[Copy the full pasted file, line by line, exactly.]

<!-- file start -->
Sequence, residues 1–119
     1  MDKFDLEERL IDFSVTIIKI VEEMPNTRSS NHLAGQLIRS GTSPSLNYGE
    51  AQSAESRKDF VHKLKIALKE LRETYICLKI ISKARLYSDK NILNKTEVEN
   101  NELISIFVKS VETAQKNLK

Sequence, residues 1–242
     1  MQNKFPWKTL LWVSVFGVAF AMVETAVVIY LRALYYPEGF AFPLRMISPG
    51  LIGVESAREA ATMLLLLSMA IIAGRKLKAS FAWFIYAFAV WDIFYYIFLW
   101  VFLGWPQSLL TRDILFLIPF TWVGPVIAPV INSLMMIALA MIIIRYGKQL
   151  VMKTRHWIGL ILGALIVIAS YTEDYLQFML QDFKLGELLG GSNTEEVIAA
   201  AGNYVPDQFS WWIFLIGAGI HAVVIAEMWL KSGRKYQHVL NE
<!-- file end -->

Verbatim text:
Sequence, residues 1–119
     1  MDKFDLEERL IDFSVTIIKI VEEMPNTRSS NHLAGQLIRS GTSPSLNYGE
    51  AQSAESRKDF VHKLKIALKE LRETYICLKI ISKARLYSDK NILNKTEVEN
   101  NELISIFVKS VETAQKNLK

Sequence, residues 1–242
     1  MQNKFPWKTL LWVSVFGVAF AMVETAVVIY LRALYYPEGF AFPLRMISPG
    51  LIGVESAREA ATMLLLLSMA IIAGRKLKAS FAWFIYAFAV WDIFYYIFLW
   101  VFLGWPQSLL TRDILFLIPF TWVGPVIAPV INSLMMIALA MIIIRYGKQL
   151  VMKTRHWIGL ILGALIVIAS YTEDYLQFML QDFKLGELLG GSNTEEVIAA
   201  AGNYVPDQFS WWIFLIGAGI HAVVIAEMWL KSGRKYQHVL NE